Publications by authors named "Flip ter Meulen"

3 Publications

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Treatment of stress urinary incontinence using a copolymer system: impact on quality of life.

BJU Int 2004 Nov;94(7):1040-3

Department of Urology, University Hospital Maastricht, The Netherlands.

Objective: To investigate the effect on quality of life (QoL) of a novel system for treatment of stress urinary incontinence (SUI).

Patients And Methods: In an open, prospective, multicentre study, 42 women not previously treated by invasive therapy and with urodynamically verified SUI received 4 x 1.0 mL or 4 x 0.7 mL of non-animal stabilized hyaluronic acid/dextranomer copolymer injected transurethrally into the urethra via the Implacer device (Zuidex system, Q-Med AB, Uppsala, Sweden). QoL was assessed using the King's Health Questionnaire. The patients' perception of treatment benefit and the number of incontinence episodes/24 h were also investigated.

Results: There were significant improvements over baseline in seven of 10 domains of the King's Health Questionnaire at 3 months, and these improvements were sustained at 1 year. For the change from baseline to 1 year, eight of 10 domains showed a significant positive correlation with the number of incontinence episodes/24 h. In terms of treatment benefit, most of the women perceived an improvement at 1, 3, 6 and 12 months. Of the 18 women requiring re-treatment, most perceived an improvement at 3, 6 and 12 months.

Conclusion: Treatment with the Zuidex system produced significant improvements over a year in both subjective QoL and objective incontinence measures, with a significant positive correlation between them.
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http://dx.doi.org/10.1111/j.1464-410X.2004.05101.xDOI Listing
November 2004

Efficacy and safety of a novel system (NASHA/Dx copolymer using the Implacer device) for treatment of stress urinary incontinence.

Urology 2004 Aug;64(2):276-81

Department of Urology, University Hospital Maastricht, Maastricht, The Netherlands.

Objectives: To investigate the efficacy and safety of non-animal-stabilized hyaluronic acid/dextranomer (NASHA/Dx) copolymer for transurethral injection using a new guiding instrument (the Implacer) for stress urinary incontinence.

Methods: In an open, prospective, multicenter study, 42 invasive therapy-naive female patients with stress urinary incontinence were given 4 x 1.0 mL or 4 x 0.7 mL of NASHA/Dx copolymer using the Implacer. The efficacy parameters, measured at baseline and 1, 3, 6, and 12 months after treatment, included cough-induced leak point pressure, urine leakage by provocation test, number of incontinence episodes in 24 hours, and patient perception of bladder condition, rated on a 6-point scale.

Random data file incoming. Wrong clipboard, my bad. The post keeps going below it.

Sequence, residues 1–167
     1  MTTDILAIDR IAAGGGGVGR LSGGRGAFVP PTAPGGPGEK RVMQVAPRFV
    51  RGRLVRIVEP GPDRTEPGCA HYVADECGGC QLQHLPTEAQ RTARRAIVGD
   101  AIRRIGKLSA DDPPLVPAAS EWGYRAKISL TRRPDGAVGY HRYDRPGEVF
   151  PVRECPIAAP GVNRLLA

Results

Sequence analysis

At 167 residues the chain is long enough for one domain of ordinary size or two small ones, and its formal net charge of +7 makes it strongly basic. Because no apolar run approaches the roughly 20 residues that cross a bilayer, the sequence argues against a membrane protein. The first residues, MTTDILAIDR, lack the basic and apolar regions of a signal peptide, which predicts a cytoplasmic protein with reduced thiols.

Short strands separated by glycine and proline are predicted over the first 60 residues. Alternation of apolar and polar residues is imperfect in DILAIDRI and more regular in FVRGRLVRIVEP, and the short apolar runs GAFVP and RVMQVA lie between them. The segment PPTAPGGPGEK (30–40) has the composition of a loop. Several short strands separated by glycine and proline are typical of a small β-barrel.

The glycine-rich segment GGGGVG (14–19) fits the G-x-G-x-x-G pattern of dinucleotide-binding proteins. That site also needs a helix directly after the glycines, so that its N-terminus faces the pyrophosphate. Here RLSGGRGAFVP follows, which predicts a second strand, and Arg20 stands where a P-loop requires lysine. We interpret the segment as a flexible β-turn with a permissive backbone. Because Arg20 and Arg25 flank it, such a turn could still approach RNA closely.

Results: The collected cough-induced leak point pressure data were not judged to be valid and reliable. Statistically significant reductions in median urine leakage were observed (P <0.0001), from 36 g (range 0.0-300) after 20 "jumping jacks" or vigorous coughs at baseline to 5.5 g (range 0.0-98) at 3 months and sustained at 12 months (7.0 g, range 0.0-98). Of the 42 patients, 32 (76%) demonstrated a degree of improvement in urine leakage at 3 and 12 months. The median number of incontinence episodes in 24 hours decreased significantly from 1.9 (range 0.0-24) at baseline to 0.4 (range 0.0-24) at 12 months (P <0.0001). At both 3 and 12 months, 29 patients (69%) had improved by at least one category on the 6-point patient perception scale. Treatment was well tolerated, and no complications were reported with use of the Implacer.

Conclusions: The results of this study indicate that a novel system (NASHA/Dx copolymer insertion using the Implacer) is an effective and well-tolerated treatment for invasive therapy-naive patients with stress urinary incontinence, with improvement sustained for at least 12 months. These encouraging results warrant additional study.
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http://dx.doi.org/10.1016/j.urology.2004.03.017DOI Listing
August 2004

Treatment of stress urinary incontinence: recent developments in the role of urethral injection.

Urol Res 2003 Feb 30;30(6):356-62. Epub 2003 Jan 30.

Department of Urology, University Hospital Maastricht, The Netherlands.

Stress urinary incontinence is prevalent in adult women and has a considerable impact on quality of life. However, it often remains undiagnosed and therefore untreated. Non-invasive treatment is likely to be offered in mild cases and may entail physiotherapy, minimally invasive devices or pharmacotherapy. Surgical intervention is widely considered as the only effective option for more severe cases. These strategies are not suitable for all patients, and urethral injection represents an alternative, minimally invasive procedure. The choice of the bulking agent is the key to the success of this treatment: the most extensively studied are silicone, polytetrafluoroethylene and bovine collagen. However, doubts regarding the safety and efficacy of these materials has led to the development of carbon-coated zirconium beads, calcium hydroxylapatite and dextranomer/hyaluronic acid (Dx/HA) copolymer. Of these, the most clinical experience has been gained with Dx/HA copolymer. Until 2 years ago, urethral injection could only be administered endoscopically. The recent development of devices for 'blind' injection has increased the speed and convenience of urethral injection, removing the need for surgical facilities. Although few data are yet available, it is conceivable that urethral injection administered 'blind' may in future be considered as an option for all patients failing non-invasive treatment.
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http://dx.doi.org/10.1007/s00240-002-0290-1DOI Listing
February 2003